Beginner’s Mind – Foundation of Mindfulness # 3

In the beginner’s mind there are many possibilities, but in the expert’s there are few.

Shunryo Suzuki

Past experiences and preconceived ideas have great value when it comes to making decisions about everyday activities. However, they are tainted to a degree that we are not able to absorb the new reality of the present time or the face value of an action, a discussion or a situation. It is always comfortable to skim through the information to support and validate our previous experience, nevertheless, we tend to lose the possibility of learning a new way of doing things or transforming our ideas for better by seeing things with fresh eyes.

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Art by Magritte – The Human Condition

Everybody knows that some things are simply impossible until somebody who doesn’t know that makes them possible. - Albert Einstein

The real problem starts when you are an expert, one who has more assumptions than questions. Fending off new ways of doing things or not being receptive to new ideas happens to the experienced. An apprehension swishes and contaminates the mind which in turn will end up either with cherry-picking to justify the established rules and practices or simply dismissal of the new approach.

When we adopt the mind of a beginner, we endeavour to look at things as if for the first time, free from the influence of the past or speculation about the future. We open ourselves to what is here now, rather than constructing stories about what we think is here. Much like a scientist who observes without bias, beginner’s mind allows us to collect raw data. This opens us up to new possibilities, rather than being confined by habits and conditioning. — Tracy Ochester.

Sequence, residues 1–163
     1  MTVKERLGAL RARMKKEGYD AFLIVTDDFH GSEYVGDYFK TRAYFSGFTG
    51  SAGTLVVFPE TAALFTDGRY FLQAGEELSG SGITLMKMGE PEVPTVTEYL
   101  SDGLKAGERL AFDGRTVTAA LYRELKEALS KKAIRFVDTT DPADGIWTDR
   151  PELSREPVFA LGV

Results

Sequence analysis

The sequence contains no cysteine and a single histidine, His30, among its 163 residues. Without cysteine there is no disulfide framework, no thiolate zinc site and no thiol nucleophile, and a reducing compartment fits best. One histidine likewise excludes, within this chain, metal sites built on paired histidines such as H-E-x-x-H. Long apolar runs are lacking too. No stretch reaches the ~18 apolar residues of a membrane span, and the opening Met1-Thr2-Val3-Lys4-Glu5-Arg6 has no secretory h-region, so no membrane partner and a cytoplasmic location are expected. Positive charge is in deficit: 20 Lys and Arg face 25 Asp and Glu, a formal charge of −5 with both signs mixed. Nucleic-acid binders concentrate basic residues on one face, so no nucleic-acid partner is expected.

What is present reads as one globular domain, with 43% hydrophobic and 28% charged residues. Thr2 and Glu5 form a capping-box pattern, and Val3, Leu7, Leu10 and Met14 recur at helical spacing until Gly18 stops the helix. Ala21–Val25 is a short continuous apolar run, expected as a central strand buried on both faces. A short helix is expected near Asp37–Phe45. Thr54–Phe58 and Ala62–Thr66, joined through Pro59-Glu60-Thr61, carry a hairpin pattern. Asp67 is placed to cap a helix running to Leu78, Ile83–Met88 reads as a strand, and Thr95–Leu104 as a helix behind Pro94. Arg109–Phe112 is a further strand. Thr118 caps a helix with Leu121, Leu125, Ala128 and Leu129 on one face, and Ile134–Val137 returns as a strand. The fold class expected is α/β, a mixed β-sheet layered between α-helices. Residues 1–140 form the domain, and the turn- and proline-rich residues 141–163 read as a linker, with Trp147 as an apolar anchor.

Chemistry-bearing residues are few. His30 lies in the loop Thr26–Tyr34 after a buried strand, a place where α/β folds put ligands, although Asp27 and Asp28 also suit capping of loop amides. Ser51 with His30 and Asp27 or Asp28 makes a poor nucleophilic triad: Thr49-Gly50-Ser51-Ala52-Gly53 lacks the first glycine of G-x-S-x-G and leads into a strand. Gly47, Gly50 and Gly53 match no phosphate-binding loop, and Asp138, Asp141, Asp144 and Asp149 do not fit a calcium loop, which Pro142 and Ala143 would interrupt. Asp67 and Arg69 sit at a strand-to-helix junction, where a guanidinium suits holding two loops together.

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Art by Magritte – The treachery of images

 

A beginner’s mind is keen to meet a new person, to have a fresh outlook on people that are familiar or to learn a new skill. Practising beginners’ mind, (or shoshin in Japanese Zen Buddhism) feeds a growth mindset. One that refuses to have more of the same for the rest of its life since the safety zone is not always a good place to be. It stales the mind and prevents you to grow and reach your potential. Although by default, we prefer to stay in our comfort zone yet adopting a growth mindset requires courage to embrace vulnerability and humility. To acknowledge that there is always a better way of doing things or when it comes to human relations, we give people the benefit of the doubt.

Ways to cultivate a beginner’s mind

  • Adopt the notion that endless possibilities exist
  • Switch off the autopilot mode 
  • Be in the present moment
  • Listen carefully when a familiar topic comes up, you don’t have to rush to express your opinion or add value, just observe and ask questions as if you didn’t know about the subject
  • Explore something to re-experience the feelings, it can be basic as eating your meal or making your bed
  • Stop labelling and notice that you are on auto judgement – Ask yourself why you consider things as bad, good, right or wrong?  Is it out of habit? Integrate seeing things in your life as they are!
  • Learn a new activity, to integrate challenges to your comfort zone
  • Mingle with people who have a different view of life and explore their perspective and lifestyle.
  • Change a routine in your life, whether is your walking route, exercise or things you eat. 
  • Practice gratitude and appreciation – it weakens the habit of taking things for granted

For more information, read “Full Catastrophe Living” by Jon Kabat-Zinn.

 

Featured Image by aykutaydogdu

 

 


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